April brought some challenges for me and it felt like hard work – a bit like wading through congealing treacle. In the scheme of things, and with the cool reflection of hindsight, really there was nothing that bad, but that’s not how it felt in the thick of it.
Part of the issue was I felt divided into too many pieces – too many elements of my life requiring attention at the same time. We all have many roles, and my roles as mother, daughter, friend, business woman and, well, just being me, were all calling for a little extra at the same time.
And I have a default priority list in such times – being Mum always comes first, and my own needs tend to come somewhere down the bottom with the result that I can easily end up exhausted, frustrated, resentful and VERY self critical if I don’t catch it. I know I’m not alone in this – it’s something I encounter in my clients time and time again.
So here’s a quick tip list for ways to deal with such times; I know these helped me during the last month – I’m by no means perfect (there’s a big difference between KNOWING, and DOING or being), but I am practicing!
– Make sure you pay attention to some of your own needs first – the things that nurture and sustain you (enough sleep, good food, some movement, time to re-centre).
If you go down, you’re no use to anyone! Think of it like the safety advice on planes – put your own oxygen mask on first before helping anyone else. It’s not selfish to put your own needs first, it’s selfish not to…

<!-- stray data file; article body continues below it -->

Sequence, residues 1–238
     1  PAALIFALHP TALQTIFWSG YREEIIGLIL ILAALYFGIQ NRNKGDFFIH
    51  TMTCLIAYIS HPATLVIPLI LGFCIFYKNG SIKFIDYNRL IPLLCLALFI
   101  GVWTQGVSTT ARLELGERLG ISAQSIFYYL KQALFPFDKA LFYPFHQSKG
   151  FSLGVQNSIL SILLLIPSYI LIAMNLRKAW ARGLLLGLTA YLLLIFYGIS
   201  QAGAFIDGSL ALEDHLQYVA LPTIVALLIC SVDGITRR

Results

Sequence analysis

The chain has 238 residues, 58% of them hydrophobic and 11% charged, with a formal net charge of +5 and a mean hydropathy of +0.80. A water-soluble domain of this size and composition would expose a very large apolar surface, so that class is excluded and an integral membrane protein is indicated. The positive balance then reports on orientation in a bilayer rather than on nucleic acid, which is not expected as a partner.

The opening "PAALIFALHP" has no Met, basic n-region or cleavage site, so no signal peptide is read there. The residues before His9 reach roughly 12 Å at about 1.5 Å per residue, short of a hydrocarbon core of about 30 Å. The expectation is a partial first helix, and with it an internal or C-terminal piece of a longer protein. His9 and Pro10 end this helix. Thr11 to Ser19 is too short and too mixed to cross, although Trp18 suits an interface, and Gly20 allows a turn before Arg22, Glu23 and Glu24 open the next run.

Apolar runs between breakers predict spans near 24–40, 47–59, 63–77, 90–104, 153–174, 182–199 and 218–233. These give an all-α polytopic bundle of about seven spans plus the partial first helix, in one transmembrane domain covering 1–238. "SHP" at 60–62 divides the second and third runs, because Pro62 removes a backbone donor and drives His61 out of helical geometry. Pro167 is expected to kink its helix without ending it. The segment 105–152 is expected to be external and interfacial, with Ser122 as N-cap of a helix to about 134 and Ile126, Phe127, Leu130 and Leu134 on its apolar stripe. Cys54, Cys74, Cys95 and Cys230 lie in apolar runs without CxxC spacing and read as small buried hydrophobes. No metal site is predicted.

-Give yourself some compassion, as you would to anyone else in the same situation, and revise your expectations.
Much as we would like it otherwise, we are not super-humans. It’s never the situation that makes us feel so bad, it’s our reaction and our expectations that do so. I also find it an interesting paradox, that when I ‘back off’ in my expectations of myself, I inevitably end up achieving so much more than I could have hoped.
-Building on part one, don’t forget the basics, the most basic of which is BREATHING.
Pay attention to breathing deeply, into your stomach rather than your chest. You won’t be able to do this all the time, but even stopping and breathing deeply and slowly 2 or 3 times a day will help you feel much calmer and more in control (well, for a start you’ll be getting more oxygen, let alone the impact this has on your parasympathetic nerve system)
Keep it simple – we so often over-complicate things when we’re feeling overwhelmed.
And in the spirit of the last point, although I could go on with plenty more hints and tips which do help, I think the ones above are those that are key and I’ll leave it there for now. So, simplicity, breathing, compassion and looking after yourself (to enable you to look after others); these were the antidote to my sticky April!